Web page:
Earlier this week, the Securities and Exchange Commission agreed to settle charges with a company related to prevention and detection of potential insider trading. The SEC alleged that the company failed to enforce policies and procedures to prevent and detect securities transactions that could involve the misuse of material, nonpublic information, and that the company failed to adopt and implement policies and procedures to prevent and detect principal transactions conducted by an affiliate. The agreed upon penalty was $15 million.
The SEC brought the charges under Section 15(g) of the Securities Exchange Act of 1934, which requires brokers and dealers to establish, maintain, and enforce policies and procedures to prevent the misuse of material, nonpublic information, as well as Section 206(4) of the Investment Advisers Act of 1940 and Rule 206(4)-(7), which require registered investment advisers to adopt and implement written policies and procedures reasonably designed to prevent violations of the Advisers Act and its rules.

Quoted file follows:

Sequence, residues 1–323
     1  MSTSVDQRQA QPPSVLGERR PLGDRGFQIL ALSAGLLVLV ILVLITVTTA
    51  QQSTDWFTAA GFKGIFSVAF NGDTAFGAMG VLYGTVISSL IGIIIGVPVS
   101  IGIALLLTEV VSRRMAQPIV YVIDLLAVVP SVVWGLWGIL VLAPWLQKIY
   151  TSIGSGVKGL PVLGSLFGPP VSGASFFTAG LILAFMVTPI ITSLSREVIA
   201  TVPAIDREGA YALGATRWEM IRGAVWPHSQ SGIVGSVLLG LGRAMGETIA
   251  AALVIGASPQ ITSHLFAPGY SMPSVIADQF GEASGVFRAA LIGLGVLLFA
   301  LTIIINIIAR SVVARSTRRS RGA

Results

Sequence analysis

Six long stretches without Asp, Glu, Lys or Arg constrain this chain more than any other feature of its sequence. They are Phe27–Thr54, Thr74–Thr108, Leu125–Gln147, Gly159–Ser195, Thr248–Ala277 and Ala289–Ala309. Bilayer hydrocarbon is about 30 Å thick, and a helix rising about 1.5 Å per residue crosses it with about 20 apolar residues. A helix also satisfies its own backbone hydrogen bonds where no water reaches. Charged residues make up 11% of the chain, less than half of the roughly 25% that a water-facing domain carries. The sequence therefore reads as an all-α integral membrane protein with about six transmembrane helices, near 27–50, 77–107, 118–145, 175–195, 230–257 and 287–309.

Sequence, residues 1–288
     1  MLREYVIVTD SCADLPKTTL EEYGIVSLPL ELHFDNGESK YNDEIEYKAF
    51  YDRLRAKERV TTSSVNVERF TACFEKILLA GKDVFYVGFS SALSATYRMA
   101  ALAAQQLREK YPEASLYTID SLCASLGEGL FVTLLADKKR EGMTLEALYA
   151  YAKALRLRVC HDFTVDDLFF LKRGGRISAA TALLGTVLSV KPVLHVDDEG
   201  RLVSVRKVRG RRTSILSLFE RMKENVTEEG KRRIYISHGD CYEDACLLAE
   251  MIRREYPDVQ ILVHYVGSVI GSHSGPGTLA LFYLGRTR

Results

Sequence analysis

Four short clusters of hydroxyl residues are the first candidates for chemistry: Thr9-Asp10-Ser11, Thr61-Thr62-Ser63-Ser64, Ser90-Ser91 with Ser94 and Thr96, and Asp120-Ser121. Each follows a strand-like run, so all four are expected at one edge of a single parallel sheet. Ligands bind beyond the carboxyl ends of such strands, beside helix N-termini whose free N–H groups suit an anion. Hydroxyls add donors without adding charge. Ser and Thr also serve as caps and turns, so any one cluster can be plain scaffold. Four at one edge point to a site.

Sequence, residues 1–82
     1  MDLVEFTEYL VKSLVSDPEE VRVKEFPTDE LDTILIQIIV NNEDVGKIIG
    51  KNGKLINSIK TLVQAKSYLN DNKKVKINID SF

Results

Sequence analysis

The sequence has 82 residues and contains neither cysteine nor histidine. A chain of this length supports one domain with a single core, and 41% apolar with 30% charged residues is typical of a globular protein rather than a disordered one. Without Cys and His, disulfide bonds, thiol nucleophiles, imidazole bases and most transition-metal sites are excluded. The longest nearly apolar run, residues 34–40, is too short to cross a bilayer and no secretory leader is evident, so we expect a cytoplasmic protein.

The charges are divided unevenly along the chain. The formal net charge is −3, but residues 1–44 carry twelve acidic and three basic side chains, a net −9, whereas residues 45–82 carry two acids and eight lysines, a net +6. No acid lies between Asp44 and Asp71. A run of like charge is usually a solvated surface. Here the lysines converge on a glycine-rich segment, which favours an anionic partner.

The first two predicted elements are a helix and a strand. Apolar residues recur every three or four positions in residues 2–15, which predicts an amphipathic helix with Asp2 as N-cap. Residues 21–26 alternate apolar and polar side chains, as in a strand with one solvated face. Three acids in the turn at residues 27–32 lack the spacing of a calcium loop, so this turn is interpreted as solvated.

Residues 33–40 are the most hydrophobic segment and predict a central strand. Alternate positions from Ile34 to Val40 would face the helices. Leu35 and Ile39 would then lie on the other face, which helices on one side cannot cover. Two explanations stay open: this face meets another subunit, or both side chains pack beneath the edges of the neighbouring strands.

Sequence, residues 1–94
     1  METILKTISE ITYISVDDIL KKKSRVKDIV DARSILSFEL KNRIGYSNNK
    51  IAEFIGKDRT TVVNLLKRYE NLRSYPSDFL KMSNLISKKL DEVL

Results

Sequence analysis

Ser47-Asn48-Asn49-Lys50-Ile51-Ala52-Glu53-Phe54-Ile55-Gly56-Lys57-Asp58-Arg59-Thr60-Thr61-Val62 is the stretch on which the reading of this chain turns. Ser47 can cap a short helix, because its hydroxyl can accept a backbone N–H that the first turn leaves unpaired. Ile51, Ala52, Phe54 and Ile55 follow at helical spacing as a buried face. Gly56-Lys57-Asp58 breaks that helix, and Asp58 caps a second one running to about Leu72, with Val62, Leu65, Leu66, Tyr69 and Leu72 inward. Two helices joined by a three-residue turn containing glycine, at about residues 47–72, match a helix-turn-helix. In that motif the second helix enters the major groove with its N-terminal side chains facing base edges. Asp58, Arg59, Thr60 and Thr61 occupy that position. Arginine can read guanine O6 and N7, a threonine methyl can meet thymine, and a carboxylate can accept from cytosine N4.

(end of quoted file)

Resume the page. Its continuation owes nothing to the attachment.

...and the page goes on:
In addition to the financial penalty, the company agreed to retain a consultant to review and recommend improvements to its trade surveillance and advisory account order handling and routing.
This serves as a reminder that the SEC is not just looking for actual insider trading violations, but is also focused on ensuring that the proper safeguards are in place and being followed. Companies should therefore ensure that their policies and procedures to prevent the misuse of material, nonpublic information are adequate, but are also followed and enforced.